Britain’s national security and the lives of its citizens will be put at risk if the High Court publishes its findings on what happened to former terror detainee Binyam Mohamed at the hands of the CIA, two judges were told yesterday.
This was the effective meaning of letters from US Secretary of State Hillary Clinton and CIA officials which warned that the US, even under the new Obama administration, would review its intelligence sharing agreement with the UK if the court releases seven brief paragraphs about Mohamed’s treatment into the public domain, the court was told.
Lawyers for Foreign Secretary David Miliband told Lord Justice Thomas and Mr Justice Lloyd Jones that the threat from America to restrict its intelligence co-operation with the UK had been assessed by Miliband as having a “high risk threshold”.
Lord Justice Thomas, after pointing out that the seven paragraphs in themselves did not pose any threat to national security, said: “So the US has taken the position that this is so serious that it is prepared to reassess its relationship with the UK and put lives at risk?”
Karen Steyn, counsel for Miliband, replied: “The Foreign Secretary’s assessment is based on his own considerable experience and expertise in this field, the expert advice he has received, his direct conversations with others on the issues involved and his direct contact with people in the US.
“I submit it is not open to your lordships to take a different view.”
The hearing was adjourned to a later date after Lord Justice Thomas ordered a transcript of the highly contentious hearing to be provided to Miliband so that he fully understood the court’s stance and that there was “no wriggle room”.
Last year, the judges reluctantly withheld from publication seven short paragraphs summarising US Government reports on Mohamed’s treatment, which were central to his claim that he had been subjected to torture and cruel, inhuman or degrading treatment, and that this had been done with the consent of UK authorities.
Their decision to redact part of their judgment was based on Foreign Office statements that disclosure might compromise the UK’s intelligence-sharing relationship with the US.
Since then, at the request of Mohamed’s lawyers and media organisations, the court has agreed to reopen its judgment with a view to publishing the seven missing paragraphs.
Mohamed, 30, an Ethiopian, was granted refugee status in Britain in 1994. He was detained in Pakistan in 2002 on suspicion of involvement in terrorism and then “rendered” to Morocco and Afghanistan.
After being subjected to alleged torture by his US captors, he was sent to Guantanamo Bay in 2004. Terror charges laid against him were dropped last year and he has since returned to the UK.
The Government has come under increasing pressure to allow disclosure of material which could indicate how much M15 and other government officials knew about the treatment of Mr Mohamed.
Guy Vassall-Adams, counsel for a group of media organisations including The Guardian, The Times, the BBC and the Independent, argued at yesterday’s hearing that the Foreign Office’s stance did not pass the “common sense test”.
It was unrealistic to suggest the publication of seven paragraphs which presented no threat to national security would cause the US authorities to be so “upset and shocked” that they might refuse to share vital intelligence with the UK in the future.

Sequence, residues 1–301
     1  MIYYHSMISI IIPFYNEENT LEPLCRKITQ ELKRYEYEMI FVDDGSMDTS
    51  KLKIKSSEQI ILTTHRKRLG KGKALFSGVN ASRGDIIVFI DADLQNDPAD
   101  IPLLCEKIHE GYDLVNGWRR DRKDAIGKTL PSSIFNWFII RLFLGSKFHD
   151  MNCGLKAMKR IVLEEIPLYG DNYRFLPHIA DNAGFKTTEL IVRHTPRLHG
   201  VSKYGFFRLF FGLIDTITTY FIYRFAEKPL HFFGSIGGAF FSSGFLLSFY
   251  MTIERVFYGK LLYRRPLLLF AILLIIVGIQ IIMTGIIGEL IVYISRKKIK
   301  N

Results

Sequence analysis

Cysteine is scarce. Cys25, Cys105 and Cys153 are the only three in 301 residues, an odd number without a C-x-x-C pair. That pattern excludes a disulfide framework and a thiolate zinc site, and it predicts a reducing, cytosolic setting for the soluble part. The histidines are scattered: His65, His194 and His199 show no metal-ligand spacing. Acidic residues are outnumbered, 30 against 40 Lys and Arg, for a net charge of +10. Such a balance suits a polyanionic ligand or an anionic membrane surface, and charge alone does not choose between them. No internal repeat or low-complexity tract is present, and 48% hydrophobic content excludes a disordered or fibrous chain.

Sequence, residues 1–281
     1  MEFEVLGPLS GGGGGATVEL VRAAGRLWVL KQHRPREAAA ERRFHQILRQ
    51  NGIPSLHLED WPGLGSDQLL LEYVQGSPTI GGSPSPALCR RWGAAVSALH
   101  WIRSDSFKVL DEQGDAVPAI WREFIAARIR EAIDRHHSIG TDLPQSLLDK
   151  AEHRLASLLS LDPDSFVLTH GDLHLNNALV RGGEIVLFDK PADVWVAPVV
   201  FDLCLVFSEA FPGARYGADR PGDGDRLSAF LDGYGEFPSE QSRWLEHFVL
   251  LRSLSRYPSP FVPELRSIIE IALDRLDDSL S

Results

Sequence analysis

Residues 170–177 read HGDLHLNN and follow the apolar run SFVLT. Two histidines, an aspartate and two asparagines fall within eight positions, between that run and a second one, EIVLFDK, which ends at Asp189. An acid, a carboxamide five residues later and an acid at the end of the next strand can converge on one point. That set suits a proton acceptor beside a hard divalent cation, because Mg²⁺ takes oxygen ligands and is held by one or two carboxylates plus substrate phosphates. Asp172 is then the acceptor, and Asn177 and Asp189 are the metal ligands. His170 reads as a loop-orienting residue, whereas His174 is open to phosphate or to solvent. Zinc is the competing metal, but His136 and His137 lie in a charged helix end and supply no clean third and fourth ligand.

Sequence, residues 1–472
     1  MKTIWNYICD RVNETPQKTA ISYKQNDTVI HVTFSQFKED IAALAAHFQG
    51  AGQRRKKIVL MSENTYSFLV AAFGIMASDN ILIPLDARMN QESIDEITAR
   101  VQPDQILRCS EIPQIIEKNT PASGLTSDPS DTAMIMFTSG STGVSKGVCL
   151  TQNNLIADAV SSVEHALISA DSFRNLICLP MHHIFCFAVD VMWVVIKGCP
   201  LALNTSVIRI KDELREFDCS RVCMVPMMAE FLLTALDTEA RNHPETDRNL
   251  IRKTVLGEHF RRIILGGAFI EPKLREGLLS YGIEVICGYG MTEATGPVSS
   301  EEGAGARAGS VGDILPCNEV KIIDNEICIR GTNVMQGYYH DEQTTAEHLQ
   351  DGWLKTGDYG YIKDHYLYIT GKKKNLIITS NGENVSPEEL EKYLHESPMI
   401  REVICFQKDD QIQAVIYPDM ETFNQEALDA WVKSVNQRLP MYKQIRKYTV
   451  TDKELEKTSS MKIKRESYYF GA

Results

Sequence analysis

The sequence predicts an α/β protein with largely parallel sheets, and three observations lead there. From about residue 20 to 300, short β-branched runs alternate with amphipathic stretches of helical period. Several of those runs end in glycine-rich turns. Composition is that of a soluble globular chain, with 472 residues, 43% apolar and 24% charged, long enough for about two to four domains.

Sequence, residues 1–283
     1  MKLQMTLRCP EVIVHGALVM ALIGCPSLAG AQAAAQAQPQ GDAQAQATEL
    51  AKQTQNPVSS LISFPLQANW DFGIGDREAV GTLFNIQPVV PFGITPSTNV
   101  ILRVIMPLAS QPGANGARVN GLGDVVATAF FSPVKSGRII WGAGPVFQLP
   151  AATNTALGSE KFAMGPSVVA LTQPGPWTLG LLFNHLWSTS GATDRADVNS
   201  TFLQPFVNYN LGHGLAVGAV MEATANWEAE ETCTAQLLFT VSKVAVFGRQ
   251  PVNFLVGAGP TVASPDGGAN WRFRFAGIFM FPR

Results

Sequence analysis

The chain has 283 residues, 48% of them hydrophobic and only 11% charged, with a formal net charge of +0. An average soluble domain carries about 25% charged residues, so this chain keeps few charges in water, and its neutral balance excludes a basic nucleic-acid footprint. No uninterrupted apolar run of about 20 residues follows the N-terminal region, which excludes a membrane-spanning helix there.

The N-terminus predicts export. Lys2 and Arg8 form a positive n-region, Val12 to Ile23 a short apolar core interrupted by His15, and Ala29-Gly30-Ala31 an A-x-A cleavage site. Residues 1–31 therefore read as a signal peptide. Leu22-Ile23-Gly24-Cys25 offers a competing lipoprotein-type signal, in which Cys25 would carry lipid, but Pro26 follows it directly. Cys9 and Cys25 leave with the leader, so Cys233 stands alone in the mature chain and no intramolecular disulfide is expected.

Vassall-Adams said such a situation was unthinkable in the light of the historical alliance between the two nations throughout World War 2, the Cold War and subsequent conflicts in Iraq and Afghanistan.
He told the judges: “Ask yourselves: Would the US jeopardise all of that for the sake of seven paragraphs in a judgment?”
Lord Justice Thomas said that, if Mrs Clinton was saying positively that the US “would”, rather than “could”, reconsider its relationship with the UK, the court would have to have the highest regard to what she said because the implication would be that the lives of men, women and children in the UK would be put at risk.
Steyn agreed and said the Foreign Secretary’s view was that disclosure of the seven paragraphs “could reasonably be expected to cause considerable damage to the national security of the UK” and might damage its international relationships with other countries.
The only reason Mr Miliband was opposing disclosure of the seven paragraphs was to protect the national security and international relations of the UK, she said.
Miliband said not disclosing allies’ intelligence was a “fundamental principle”.
Miliband said after talks with Mrs Clinton in Washington, Mr Miliband said: “Our two countries have a uniquely close intelligence-sharing relationship.
“I think I am right in saying that the House of Commons Intelligence and Security Committee has said that that relationship saves British lives.
“It is a relationship which is based on deep trust … and a fundamental principle for both countries is that we don’t disclose publicly each other’s intelligence.
“That is a fundamental principle of intelligence sharing between any countries and it one which I think is of enormous benefit to both countries.”
Clinton said: “The issue of intelligence sharing is one which is critically important to our two countries and we both have a stake in ensuring that it continues to the fullest extent possible.”